The Power in Being a Plumber

Seven years ago a team of people from across the United States traveled to Nebbi, Uganda to hear of a man’s vision and how he hoped to turn his vision of this thing called “Acres of Hope” into a reality. We stood, holding hands in a circle, as we prayed over this land that Pastor Geoffrey had purchased. We asked God to bless him and the vision by putting the right people in the right places at the right times so that the vision would be fulfilled.

The vision was to create a school/child sponsorship program that would become self-sustaining so that orphans in Nebbi and the surrounding areas would be given a shot at breaking the cycle of poverty.

At least six trips from our (West United Methodist) end, multiple church partners, a new non-profit Acres of Hope International have brought us to this place. Last night as the team members sat and shared how they’d seen God at work over the past few days, several words kept recurring.






From the time we stepped foot in Africa 7 years ago til now, each of those words have been a recurring theme on all ends. Geoffrey’s and ours.

Sunday evening we had the privilege of meeting Elle.  Seven years ago Elle was a young man from Nebbi Village and while the team was here gathering info on the orphans for the sponsorship program, Elle was our interpreter for the children.  We would have been lost without his leadership and guidance. He was a teenager living as a man in a context where the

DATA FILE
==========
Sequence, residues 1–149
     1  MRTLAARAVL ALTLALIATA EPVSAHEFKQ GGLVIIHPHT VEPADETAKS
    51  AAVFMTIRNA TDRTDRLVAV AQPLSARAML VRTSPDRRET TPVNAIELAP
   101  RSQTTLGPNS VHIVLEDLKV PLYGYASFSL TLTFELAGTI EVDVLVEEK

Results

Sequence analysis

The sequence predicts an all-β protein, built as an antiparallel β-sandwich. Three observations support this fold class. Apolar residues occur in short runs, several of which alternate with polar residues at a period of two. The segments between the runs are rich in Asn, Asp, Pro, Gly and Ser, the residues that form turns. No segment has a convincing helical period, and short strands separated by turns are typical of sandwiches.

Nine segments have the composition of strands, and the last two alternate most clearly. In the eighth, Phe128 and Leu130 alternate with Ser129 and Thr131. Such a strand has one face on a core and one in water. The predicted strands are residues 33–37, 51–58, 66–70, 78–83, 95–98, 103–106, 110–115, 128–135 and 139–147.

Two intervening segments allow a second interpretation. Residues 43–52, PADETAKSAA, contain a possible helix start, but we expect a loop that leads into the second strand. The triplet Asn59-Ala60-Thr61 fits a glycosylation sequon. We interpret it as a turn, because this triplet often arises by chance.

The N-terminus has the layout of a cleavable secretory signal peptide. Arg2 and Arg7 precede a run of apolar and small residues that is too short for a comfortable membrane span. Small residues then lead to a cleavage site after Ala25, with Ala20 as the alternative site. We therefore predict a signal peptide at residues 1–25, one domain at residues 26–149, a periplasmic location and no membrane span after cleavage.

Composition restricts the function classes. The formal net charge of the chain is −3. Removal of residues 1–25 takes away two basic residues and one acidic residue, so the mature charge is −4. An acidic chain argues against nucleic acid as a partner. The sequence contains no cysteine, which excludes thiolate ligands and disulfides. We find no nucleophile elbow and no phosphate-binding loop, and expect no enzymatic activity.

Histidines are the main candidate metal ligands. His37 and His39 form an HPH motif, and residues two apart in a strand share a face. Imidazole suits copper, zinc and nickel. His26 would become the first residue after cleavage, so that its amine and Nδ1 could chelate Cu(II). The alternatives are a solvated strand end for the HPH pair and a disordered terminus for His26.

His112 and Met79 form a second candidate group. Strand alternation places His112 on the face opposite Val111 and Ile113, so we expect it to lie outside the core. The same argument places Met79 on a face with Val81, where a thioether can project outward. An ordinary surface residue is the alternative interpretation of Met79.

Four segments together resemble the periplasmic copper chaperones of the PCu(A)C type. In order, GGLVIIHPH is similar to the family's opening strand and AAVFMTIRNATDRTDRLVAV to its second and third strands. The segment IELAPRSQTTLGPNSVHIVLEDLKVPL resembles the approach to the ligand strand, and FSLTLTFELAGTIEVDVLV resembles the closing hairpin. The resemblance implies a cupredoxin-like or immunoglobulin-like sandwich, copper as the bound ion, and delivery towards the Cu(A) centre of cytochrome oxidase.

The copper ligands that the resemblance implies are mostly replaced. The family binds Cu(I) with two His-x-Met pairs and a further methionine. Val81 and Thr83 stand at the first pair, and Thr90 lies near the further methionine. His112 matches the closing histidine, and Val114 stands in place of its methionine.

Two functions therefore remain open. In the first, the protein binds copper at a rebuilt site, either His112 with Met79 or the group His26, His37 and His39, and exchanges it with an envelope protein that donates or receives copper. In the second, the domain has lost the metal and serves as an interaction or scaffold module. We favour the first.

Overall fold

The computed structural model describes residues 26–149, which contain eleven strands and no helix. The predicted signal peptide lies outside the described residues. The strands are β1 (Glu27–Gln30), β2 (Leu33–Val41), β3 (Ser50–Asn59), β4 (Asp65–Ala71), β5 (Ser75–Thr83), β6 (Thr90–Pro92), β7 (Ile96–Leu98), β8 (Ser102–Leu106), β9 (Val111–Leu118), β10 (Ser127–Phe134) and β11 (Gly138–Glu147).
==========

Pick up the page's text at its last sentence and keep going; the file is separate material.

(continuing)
opportunity for advancement was few and far between.

Sunday evening he stood before us and the words he uttered were life-changing. Not for him, but for us. You see, he shared his life change. He reminded us that he was one of the first people that West sponsored after our first trip here . . . and because of that sponsorship, he was able to go to school, be healthy, have what he needed to grow up and succeed in life. Now, seven years later, he has attended secondary school and graduated and is being trained in the residential/commercial plumbing industry. After he completes this technical education he then has plans to return to Acres of Hope and serve as a plumber as Geoffrey continues the advancement of the AOH organization/structures. He will use his skill so that Geoffrey doesn’t have to hire outside help and truly the gift of love and generosity will come full circle.

There weren’t many dry eyes in the room as he humbly stood there saying, “Thank you. Without you . . . and your caring about us, and your generosity I would not be here and have this opportunity.”

Last night we talked a lot about sometimes it takes a long time.

Geoffrey continually talks to the students about courage and boldness, not being self-conscious so that they can be who God has created them to be.

Our team reflected on how in our world of social media, we present ourselves as a highlight reel. We put forth our “best” image, even if often times it is massively filtered so that others won’t see the vulnerabilities we all have.

We heard Geoffrey teaching them these lessons.
However, from our perspective compared to us, here in Uganda, they are unapologetically authentic. Whether it was as they worshipped, learned, or played with one another, their love for God and each other was apparent. If playing a game and someone fell down, instead of using that weakness to get the win, the game always stopped until they helped each other up again.

What would our lives be like if we lived with authentic abandon? If we claimed who we are created to be and lived into that instead of worrying how many likes we get on our social media accounts. Imagine what we would do and how we could change the world.

The team members are embracing a “get real” on social media challenge and instead of putting forth filtered highlight reels from the trip, we are going to be real. Maybe it will rub off on our everyday lives and the lessons we’ve learned here will continue.